by Brian Hioe
Photo Credit: White House
ONE NOTES THAT absent in many discussions of the trade war between America and China to date, particularly in Taiwan, is any sense of how the trade war will affect the global standing of both countries going forward. Although verdicts on how the trade war will affect Taiwan are divided—with some suggesting that Taiwan’s tech industry will be affected because it is interlinked with China and others taking the view that its effects will be minimal—there are those who simply uncritically cheerlead America, taking the view that America is justly cutting China down to size with no small amount of schadenfreude.
However, it scarcely factors into such discussion how the trade war is fought between American leaders and Chinese leaders, but at the expense of the working class of both countries. Similarly, it is scarcely thought that if China suffers economic disruption, this could actually lead China to become more territorially aggressive in its expansionist agenda in the Asia Pacific, rather than less aggressive. After all, using nationalism to fan up a war could be one way for China’s leaders to retain power to distract from a poor economy, or war could be justified on the basis of economic necessity—with the claim that fighting a war will benefit China’s economy and allow China to grab more resources in the Asia Pacific.
Undoubtedly, the trade war will affect Taiwan if it continues to grow in scope, seeing as the Taiwanese economy is deeply interdependent with both that of America and China. The only logical way that the trade war will only not affect Taiwan is if its scope remains relatively limited. The longer the trade war drags on, the greater the odds that Taiwan will be affected. It demonstrates no small degree of blindness that there are those in Taiwan who have their eyes only set on the trade war’s effects on China, without realizing that logically, Taiwan hypothetically stands to be among the worst affected as a country directly sandwiched between America and China both politically and economically.
It would not be surprising if China’s growth does, in fact, buckle under the weight of the trade war. China’s economy has slowed in recent years. China’s rapid growth in past decades was to a large degree founded upon the large degree of catch-up it had to do with members of the developed world and so deep-set contradictions remain at the heart of the Chinese economy. To begin with, despite the dream of bourgeois economists that China would provide for unlimited growth, China already was simply following a pattern of growth and stagnation seen in other East Asian countries after the Second World War, particularly visible with Japan. And, although the American economy is also poor, as the current world hegemon politically—and economically, growth hardly being the only significant statistic of economic power, as some seem to think it is—America is still more stable than China.
A trade war cannot also be thought of purely in economic terms. One also need take into account the relative political standing of the involved countries. Through its trade war on not only China but long-standing European allies, America has increasingly positioned itself against longstanding allies. America is increasingly seen as vacating the position it has held since the end of World War II, as the guarantor of the international political and economic order.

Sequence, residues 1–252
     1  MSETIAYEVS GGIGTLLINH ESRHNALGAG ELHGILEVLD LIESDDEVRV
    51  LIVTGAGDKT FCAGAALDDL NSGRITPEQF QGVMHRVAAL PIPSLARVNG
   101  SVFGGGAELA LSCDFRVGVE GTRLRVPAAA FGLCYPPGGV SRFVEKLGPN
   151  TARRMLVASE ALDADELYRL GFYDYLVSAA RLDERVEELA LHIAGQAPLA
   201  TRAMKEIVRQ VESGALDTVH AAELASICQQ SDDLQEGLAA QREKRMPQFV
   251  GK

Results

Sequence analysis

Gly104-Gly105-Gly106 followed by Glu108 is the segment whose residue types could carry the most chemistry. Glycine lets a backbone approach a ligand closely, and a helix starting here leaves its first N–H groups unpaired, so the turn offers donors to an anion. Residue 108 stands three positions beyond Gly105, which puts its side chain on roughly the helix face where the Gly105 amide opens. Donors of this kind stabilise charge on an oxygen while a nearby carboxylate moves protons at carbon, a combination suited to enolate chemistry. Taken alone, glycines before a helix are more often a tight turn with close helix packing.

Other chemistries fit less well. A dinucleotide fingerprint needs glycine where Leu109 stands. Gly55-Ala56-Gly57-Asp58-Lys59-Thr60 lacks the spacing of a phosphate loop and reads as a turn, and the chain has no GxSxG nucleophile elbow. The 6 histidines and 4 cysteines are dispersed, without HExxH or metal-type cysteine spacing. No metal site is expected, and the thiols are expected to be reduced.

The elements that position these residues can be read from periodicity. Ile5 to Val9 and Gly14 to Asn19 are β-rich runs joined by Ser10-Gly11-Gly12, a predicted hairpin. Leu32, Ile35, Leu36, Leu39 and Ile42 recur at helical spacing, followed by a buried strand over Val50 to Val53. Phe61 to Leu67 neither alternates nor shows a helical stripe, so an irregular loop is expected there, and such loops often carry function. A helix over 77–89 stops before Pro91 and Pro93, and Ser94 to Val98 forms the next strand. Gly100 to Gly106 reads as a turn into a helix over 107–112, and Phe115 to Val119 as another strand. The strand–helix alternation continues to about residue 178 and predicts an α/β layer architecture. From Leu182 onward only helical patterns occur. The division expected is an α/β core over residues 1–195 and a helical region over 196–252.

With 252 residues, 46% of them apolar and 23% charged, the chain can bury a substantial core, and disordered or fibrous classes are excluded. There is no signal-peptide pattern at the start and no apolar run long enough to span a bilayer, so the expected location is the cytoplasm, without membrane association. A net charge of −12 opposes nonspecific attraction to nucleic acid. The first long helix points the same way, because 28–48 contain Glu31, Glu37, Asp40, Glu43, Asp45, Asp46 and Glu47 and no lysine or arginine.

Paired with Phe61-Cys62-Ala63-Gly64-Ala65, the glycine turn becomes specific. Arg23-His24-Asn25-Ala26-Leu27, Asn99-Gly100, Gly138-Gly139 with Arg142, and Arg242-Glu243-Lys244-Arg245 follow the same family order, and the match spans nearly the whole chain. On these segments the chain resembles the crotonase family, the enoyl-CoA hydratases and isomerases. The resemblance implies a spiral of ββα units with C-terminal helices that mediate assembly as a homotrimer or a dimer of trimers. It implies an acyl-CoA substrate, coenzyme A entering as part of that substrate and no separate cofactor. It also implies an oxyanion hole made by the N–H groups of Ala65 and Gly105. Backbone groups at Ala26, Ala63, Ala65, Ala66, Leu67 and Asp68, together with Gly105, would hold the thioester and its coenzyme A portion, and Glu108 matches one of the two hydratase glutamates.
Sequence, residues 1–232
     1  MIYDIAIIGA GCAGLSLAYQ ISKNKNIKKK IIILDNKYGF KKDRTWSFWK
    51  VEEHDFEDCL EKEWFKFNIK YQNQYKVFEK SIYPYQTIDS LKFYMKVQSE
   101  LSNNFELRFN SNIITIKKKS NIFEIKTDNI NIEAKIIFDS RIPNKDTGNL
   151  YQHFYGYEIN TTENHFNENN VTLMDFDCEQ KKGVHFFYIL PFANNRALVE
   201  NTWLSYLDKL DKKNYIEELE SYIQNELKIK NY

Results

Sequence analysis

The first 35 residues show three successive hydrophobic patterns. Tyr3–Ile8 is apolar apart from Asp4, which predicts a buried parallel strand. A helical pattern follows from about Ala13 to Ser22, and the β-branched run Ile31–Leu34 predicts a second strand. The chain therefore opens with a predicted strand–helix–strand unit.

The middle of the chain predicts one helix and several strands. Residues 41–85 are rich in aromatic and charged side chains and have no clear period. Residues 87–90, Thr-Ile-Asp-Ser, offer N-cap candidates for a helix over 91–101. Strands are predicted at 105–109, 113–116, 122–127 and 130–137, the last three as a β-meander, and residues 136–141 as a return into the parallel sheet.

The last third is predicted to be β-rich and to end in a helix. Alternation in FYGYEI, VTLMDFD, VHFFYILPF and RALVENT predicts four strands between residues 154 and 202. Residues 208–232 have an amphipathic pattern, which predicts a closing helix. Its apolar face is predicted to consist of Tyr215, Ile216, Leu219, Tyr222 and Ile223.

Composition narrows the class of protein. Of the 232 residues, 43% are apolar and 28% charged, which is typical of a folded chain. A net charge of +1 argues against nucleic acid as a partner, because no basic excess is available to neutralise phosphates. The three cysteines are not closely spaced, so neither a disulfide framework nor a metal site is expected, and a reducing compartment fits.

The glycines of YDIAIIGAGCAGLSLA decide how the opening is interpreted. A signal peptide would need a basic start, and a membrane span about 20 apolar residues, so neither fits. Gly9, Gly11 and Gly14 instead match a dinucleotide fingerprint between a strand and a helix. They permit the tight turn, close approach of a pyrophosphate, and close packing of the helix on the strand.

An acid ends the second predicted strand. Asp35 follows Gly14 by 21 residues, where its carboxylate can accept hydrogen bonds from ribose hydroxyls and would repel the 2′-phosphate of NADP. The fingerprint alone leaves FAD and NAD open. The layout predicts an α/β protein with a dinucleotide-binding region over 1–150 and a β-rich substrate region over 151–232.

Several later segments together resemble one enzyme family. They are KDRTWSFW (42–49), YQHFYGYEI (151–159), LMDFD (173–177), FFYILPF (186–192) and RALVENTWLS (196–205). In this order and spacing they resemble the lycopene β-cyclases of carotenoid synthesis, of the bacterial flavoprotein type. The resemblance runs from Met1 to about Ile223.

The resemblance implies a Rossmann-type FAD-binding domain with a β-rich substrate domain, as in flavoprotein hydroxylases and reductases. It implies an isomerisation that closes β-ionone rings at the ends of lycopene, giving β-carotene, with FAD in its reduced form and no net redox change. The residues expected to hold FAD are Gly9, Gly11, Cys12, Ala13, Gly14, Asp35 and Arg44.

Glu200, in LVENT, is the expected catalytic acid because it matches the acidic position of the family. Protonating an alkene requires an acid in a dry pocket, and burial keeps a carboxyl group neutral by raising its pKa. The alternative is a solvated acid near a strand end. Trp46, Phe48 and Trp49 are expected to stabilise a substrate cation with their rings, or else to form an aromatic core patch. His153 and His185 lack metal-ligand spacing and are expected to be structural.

In the meantime, China has attempted to make the claim that it can take up the position of maintaining the global economic order as America did. But China remains a newcomer to the international community and it is distrusted by many nations. As rising global concern about Chinese influence demonstrates, it will be hard for western nations to stomach a world led by China. China simply has been unable to integrate itself into the international community on the basis of continued political authoritarianism and large-scale human rights violations, which the western nations which remain the ruling powers of the current geopolitical world order are keenly aware of, though not exactly for altruistic reasons.
That is, western nations may be willing to turn a blind eye to China’s practices at home or possibly even among its neighbors to do business with China, out of the profit motive and self-interest trumping any professed commitment to defending human rights. But western nations would still react badly to Chinese influence leading to the deterioration of political freedoms in their own countries. This, too, would, in fact, be a form of self-interest. China has not demonstrated that it will change any time soon in order for western nations to make it into a trusted power.
Vietnamese president Tran Dai Quang, Donald Trump, Xi Jinping, and Australian prime minister Malcolm Turnbull. Photo credit: US Embassy
And while America under Donald Trump may not be terribly inspiring of faith on the part of long-standing American allies hailing from the western world, they can at least pin their hopes on that the Trump presidency will simply prove a brief interregnum, and America will return to normalcy after the Trump administration. China will not have such a benefit of the doubt from western countries. The trade war between America and China, then, will hardly be a two-way street.